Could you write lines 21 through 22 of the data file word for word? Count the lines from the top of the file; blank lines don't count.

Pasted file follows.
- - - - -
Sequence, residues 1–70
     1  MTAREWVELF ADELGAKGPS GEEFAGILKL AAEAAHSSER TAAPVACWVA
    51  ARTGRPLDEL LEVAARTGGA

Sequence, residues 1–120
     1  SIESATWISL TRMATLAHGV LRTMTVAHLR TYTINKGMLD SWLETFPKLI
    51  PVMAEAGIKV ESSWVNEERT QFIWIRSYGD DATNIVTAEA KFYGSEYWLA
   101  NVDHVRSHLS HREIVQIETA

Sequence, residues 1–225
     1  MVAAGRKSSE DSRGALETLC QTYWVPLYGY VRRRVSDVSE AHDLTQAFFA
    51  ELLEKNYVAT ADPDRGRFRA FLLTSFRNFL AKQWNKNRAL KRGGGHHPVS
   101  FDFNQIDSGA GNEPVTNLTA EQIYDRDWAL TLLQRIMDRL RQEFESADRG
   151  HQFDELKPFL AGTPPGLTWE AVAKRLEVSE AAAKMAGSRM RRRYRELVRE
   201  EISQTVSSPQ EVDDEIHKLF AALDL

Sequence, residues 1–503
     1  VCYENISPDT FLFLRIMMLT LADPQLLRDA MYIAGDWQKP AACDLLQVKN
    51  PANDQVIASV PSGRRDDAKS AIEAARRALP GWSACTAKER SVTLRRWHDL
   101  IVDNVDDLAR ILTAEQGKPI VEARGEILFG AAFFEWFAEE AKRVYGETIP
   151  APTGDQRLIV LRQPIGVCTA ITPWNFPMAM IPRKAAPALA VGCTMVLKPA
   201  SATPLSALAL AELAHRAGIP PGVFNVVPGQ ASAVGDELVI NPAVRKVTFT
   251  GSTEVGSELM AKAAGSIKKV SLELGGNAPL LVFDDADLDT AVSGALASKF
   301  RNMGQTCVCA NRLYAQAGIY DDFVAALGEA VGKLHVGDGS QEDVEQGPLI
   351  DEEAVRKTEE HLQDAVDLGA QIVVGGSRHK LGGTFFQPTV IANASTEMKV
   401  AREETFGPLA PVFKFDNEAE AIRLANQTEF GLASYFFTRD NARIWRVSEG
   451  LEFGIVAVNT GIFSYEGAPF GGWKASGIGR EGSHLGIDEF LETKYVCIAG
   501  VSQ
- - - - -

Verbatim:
   301  RNMGQTCVCA NRLYAQAGIY DDFVAALGEA VGKLHVGDGS QEDVEQGPLI
   351  DEEAVRKTEE HLQDAVDLGA QIVVGGSRHK LGGTFFQPTV IANASTEMKV